He then said that while he was about it he would see to the chain for me, and at once began taking off the gear-case. I did try to dissuade him from that. I told him what an experienced friend of mine once said to me solemnly: “If anything goes wrong with your gear-case, sell the machine and buy a new one; it comes cheaper.”
He said, “People talk like that who understand nothing about machines. Nothing is easier than taking off a gear-case.”
The man suggested that he should look at the chain. He started to remove the gear-case. The narrator tried to discourage him again but to no avail. He told the man what one his friends had said about the gear-case. “If anything goes wrong with your gear-case, sell the machine and buy a new one; it comes cheaper.” The narrator was trying to tell him that the gear-case is quite expensive and that he should leave the gear-case alone.
The man said that he should remove the gear-case
However, the man never listened to the narrator. He went on with his repair work. He said that people usually leave the gear-case alone because they are incapable of understanding how the machine works. His friend probably said that because he never knew anything about machines.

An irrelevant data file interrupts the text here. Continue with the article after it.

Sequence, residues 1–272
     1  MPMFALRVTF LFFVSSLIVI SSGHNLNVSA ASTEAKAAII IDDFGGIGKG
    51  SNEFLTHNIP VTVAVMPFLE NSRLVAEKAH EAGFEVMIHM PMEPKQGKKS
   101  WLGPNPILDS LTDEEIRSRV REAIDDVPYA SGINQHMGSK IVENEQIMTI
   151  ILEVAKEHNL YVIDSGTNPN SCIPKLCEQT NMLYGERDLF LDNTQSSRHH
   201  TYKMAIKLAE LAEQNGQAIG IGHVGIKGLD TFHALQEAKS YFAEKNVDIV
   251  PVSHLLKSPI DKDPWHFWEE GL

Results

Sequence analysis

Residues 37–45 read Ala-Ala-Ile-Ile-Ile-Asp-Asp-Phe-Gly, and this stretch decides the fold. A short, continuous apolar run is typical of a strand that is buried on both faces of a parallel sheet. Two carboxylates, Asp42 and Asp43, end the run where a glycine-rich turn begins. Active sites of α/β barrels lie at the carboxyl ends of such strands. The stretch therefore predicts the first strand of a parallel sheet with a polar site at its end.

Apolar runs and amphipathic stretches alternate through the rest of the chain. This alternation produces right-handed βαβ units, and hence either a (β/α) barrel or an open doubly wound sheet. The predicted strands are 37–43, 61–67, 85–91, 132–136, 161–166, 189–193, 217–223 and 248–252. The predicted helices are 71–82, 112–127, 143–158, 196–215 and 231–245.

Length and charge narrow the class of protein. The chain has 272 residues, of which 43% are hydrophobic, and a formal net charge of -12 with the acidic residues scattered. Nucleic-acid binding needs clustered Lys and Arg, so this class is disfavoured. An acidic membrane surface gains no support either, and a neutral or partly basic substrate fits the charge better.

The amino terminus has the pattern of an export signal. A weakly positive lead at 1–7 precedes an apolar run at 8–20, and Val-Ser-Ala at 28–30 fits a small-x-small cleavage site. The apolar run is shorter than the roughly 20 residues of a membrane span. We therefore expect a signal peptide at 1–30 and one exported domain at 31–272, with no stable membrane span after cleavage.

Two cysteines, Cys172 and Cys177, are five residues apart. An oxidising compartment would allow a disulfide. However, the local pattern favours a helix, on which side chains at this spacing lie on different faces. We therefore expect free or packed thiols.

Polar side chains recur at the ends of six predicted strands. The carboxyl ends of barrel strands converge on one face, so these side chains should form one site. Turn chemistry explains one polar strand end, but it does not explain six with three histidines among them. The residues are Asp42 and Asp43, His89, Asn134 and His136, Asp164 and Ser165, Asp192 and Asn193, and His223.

But things are different for the man, or so thinks he. He said that he finds it easier to remove the gear-case than anything else. Of course, the narrator never spoke anything about the difficulties in removing the gear-case, only the (monetary) difficulties in getting it replaced.
Meanings of difficult words from the paragraphs:
A protective casing for the gear mechanism of a vehicle
|Solemnly||In a formal and dignified manner.|
National Council of Educational Research and Training (2007). Honeycomb. A Bicycle in Good Repair (pp. 126-132). Published at the Publication Division by the Secretary, National Council of Educational Research and Training, Sri Aurobindo Marg, New Delhi.